2.   The ADA regulations define wheelchairs, and similar devices, as devices designed specifically for mobility disabled individuals.  These devices are allowed on public trails, and are allowed and welcomed on Allegheny Valley Land Trust’s trails.

 Wheelchairs and like vehicles are designed specifically for mobility disabled individuals.  Other Power-Driven Mobility Devices (OPDMD) are not designed specifically for mobility disabled individuals, but may be used by others without disabilities.  That difference is recognized by this policy. 

It is also recognized that OPDMD constitute a large and varied group of vehicles, including, but not limited to, golf carts, Segways, cycle cars, electric bikes, electric ride ons, powered scooters, velomobiles, and trikkes.

 Policy item #1 recognizes the difference between the two classes of vehicles and allows the use of wheelchairs. In Policy item #2 OPDMD are allowed, if they meet specific requirements.

  1. OPDMD are allowed, following the general regulations of the trail which apply to all users, and provided:
  1. Motors are 750 watts or less.  (The DOJ requirements for prohibition include speed as a parameter for regulating OPDMD.  While we adopt 15 miles per hour as the maximum speed, because speed is difficult to assess from vehicle specifications, the power of the motor has been used as an equivalent measuring standard, with higher power translating to higher top speed.)  Pennsylvania Law (Act 154 of 2014) has defined pedalcycle.  This definition includes a vehicle less than 100 pounds, with two or three wheels more than 11 inches in diameter, an electric motor system rated at not more than 750 watts, equipped with operable pedals and capable of a speed not more than 20 miles per hour on a level surface when powered by the motor source only.  The trail is non-motorized. There are potential OPDMD vehicles with motors of 750 watts and above.  However the power, and thus speed of those higher than 750 watts, is deemed to be a danger to other trail users.

B. Vehicles weigh less than 100 lb. (43kg); Bicycles are in the 20 – 40 lb. range.  Considering the heaviest vehicle now allowed on the trail to be a tandem tricycle pulling a fully loaded trailer, that combination is nearly 90 lbs.  The 100 lb. limit should thus be applied to all vehicles on the trail.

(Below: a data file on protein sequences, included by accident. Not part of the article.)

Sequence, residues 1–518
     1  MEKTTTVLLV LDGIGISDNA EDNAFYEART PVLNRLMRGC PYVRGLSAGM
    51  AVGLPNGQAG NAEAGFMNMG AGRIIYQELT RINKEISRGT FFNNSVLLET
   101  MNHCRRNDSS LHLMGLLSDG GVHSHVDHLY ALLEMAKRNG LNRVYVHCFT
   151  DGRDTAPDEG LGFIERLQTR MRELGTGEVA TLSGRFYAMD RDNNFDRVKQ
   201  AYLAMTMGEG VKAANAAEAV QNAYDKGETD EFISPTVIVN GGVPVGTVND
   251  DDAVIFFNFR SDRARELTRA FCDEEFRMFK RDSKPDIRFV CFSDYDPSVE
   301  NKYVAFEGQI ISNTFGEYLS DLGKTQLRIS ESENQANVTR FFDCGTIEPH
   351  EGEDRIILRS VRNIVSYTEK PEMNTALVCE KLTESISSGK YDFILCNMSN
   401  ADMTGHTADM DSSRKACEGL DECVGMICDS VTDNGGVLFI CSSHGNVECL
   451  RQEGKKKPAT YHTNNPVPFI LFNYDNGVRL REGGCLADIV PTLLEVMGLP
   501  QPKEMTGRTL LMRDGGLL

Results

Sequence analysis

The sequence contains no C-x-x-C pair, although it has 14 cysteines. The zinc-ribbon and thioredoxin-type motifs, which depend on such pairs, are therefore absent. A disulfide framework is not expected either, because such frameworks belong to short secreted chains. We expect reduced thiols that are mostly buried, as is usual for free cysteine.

C. Vehicles are no more than 36” wide.  Much of the trail has been built to 10’ specifications. However because the shoulders tend to be soft, and surrounding vegetation encroaches from the edges, the effective usable width is around 8’.  With two way traffic, that gives a 4’ width for vehicles to pass.  Any device wider that 3’ begins to encroach on the opposite lane and becomes a safety hazard.  Bicycles easily fit this width requirement.  A search of the trikkes and trailers available proved that they also are within that width. In addition, bollards at trail access areas and road crossings have openings around 36 – 40” and thus are significant barriers to wider vehicles.

 D. Vehicles have fully operating pedals.  The trail is, and has been since its inception, used by pedal driven devices, bicycles, and walkers. It is the nature of the facility and is what is, and has been, expected by users. Pedal-assist vehicles, where the operator is helped by adding power in proportion to the amount of force applied to the pedals, are vehicles very much like the devices now used on the trail. Vehicles with operating pedals, such as pedal-assist cycles and trikkes, allow mobility disabled individuals to enjoy the benefits of the facility while being similar in size, weight, and maneuverability to existing users.  The bicycle culture which has been established over the 23 years of trail use is continued with the introduction of pedal-assisted vehicles.  In addition, given that the trail has long sections through relatively remote landscapes without adjacent road access, the use of vehicles that depend solely on a motor are hazards for those using such vehicles.   (Hand powered cycles are considered to have “fully operating pedals).